Captiva Fire Department conducts Structural Safety Inspector training
The Brown residence cannot be seen from the road. There is a long winding dirt driveway leading to the house. It is raining hard and the wind is blowing.
The caretaker of the property was warned of the impending hurricane but refused to leave. The structure safety inspectors arrive on scene to find scattered debris and downed power lines. The windows are damaged and part of the roof has collapsed under a fallen tree.
Maneuvering around the destruction to the back of the house, the safety inspectors make a grizzly discovery. The caretaker has been killed. He is lying motionless beneath a pile of tree limbs, with a downed ladder and chain saw next to him.
Luckily this was only a drill, but for the Captiva Fire Department and the Structural Safety Inspectors (SSI’s), this could be a very real scenario. On Aug. 10, the SSI’s and fire department officials met for a mock training exercise to prepare them for their response in the event of a hurricane.
Mark Wells, of the Captiva Island Fire Control District, headed up the mock disaster scene.
“You will respond house-to-house. After Charley, there was so much damage and debris it was difficult to geographically identify where you were. These storms make addresses unrecognizable. Your only form of indetification may be the numbered fire hydrants,” Wells said to the group that has formed a semi-circle around the mannequin that is standing in for Mr. Brown’s corpse. “We also have a program similar to Google Earth that has all residences numbered and you will have this aerial view at your disposal as well.”
Lee County Sheriff’s Office Lt. Joe Poppalardo explained how this program works.
“Captiva is broken into three zones, with each house mapped in their particular zone,” he said. “Each SSI team is assigned a zone and will assess all structures in that zone.”
This information will then be forwarded to the Lee County EOC, who will forward it to FEMA, giving an accurate assessment of the sort of monetary and physical resources needed from the agency.
According to Captiva Island Fire Control District, the SSI team was established in 2005 after hurricane Charlie struck Captiva Island in 2004. Its members are from the local community, consisting of business owners and residents.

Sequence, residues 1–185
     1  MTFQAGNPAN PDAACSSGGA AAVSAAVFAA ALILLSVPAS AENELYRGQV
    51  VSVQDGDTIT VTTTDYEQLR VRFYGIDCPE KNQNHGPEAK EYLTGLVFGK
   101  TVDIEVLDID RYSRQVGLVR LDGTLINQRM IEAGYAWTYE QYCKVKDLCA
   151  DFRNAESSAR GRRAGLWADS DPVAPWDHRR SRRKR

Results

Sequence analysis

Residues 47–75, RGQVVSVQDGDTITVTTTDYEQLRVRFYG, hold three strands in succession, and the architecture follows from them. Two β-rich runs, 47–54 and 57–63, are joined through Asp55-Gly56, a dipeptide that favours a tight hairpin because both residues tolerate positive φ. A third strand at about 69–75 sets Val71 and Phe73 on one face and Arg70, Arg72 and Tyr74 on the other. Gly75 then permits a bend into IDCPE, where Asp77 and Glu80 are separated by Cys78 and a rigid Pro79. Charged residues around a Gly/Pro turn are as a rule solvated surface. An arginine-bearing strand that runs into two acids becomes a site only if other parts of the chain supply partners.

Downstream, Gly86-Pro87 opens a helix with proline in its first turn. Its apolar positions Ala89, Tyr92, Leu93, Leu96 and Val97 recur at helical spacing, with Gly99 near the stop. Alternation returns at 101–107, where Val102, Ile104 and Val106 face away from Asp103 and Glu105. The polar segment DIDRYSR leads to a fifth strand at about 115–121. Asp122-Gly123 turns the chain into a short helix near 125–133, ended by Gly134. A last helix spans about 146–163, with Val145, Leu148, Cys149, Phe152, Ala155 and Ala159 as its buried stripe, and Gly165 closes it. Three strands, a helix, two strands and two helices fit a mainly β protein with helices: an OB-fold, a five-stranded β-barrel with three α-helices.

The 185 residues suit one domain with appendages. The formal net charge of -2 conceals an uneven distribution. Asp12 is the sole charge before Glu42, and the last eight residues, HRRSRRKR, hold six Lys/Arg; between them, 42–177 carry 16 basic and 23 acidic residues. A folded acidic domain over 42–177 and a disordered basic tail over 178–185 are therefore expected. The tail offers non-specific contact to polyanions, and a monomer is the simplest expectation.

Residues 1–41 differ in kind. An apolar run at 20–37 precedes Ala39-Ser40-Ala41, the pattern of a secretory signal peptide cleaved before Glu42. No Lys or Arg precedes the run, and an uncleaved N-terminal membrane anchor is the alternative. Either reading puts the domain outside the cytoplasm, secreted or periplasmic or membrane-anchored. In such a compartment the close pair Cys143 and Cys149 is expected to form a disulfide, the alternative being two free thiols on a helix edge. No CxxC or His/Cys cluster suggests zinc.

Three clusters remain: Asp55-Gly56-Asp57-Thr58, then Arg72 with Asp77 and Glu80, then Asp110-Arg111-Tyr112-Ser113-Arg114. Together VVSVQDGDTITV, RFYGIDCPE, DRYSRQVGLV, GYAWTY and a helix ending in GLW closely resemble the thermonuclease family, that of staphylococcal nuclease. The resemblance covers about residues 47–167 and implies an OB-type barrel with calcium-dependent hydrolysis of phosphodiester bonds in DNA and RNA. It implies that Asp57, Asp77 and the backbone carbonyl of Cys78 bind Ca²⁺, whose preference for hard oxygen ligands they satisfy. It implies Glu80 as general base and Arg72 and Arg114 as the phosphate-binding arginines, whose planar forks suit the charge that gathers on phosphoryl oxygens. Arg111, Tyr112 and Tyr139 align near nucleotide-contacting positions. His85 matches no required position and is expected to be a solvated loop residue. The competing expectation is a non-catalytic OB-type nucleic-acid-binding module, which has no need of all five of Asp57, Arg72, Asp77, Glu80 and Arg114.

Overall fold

As we are entering hurricane season, this training exercise is as timely as the wind and rain. SSI’s will be the first on site to many houses in the wake of a hurricane, even before fire and police. It is the job of the SSI’s to go house to house, assessing damages and possible injuries. In the event they do find someone dead or alive, they are armed with radios and can contact Fire, Police, and Search and Rescue units right away.
Capt. Alan Delameter, of the Captiva Island Fire Control District, added, “It is your job to survey and observe the scene. Fire and Rescue personnel will respond to injuries or fatalities. You are only out to assess damage.”
“How will we know if someone is injured or killed on site if they aren’t making noise?” asked one of the SSI’s.
“You will be on site three to four days after the storm, if someone is dead you will probably smell them before you see them,” responded Wells. “Still, it is not your job to search for bodies.”
After Charley, it took search and rescue operations three days just to clear the roads to get to houses like the Brown residence which is set back from the road in thick vegetation. With no SSI in place at the time, the U.S. Marshals had to come conduct these types of operations.
“The island itself has just started to rebound from Charley. The vegetation that was destroyed is just filling in now,” said Wells, standing on the back deck of the Brown residence. The house is located right down the road from ‘Tween Waters on Captiva Drive. Wells explained that after Charley, the vegetation was so decimated that you could see the Gulf and the Bay from the house.
One of the SSI’s, Dennis Gureine, attests to the power of that storm, mentioning a bobcat skid steer loader that was flipped over by the force of the winds.
It is exactly this force of nature that the SSI’s are trained to respond to.
“We now conduct these training exercises once a year to prepare for the event of a disaster,” Delameter added. “We try and make it as real as possible to simulate the true unpredictability of the aftermath of these storms. We didn’t plan this weather today, but it just reinforces how unpredictable these situations really are.”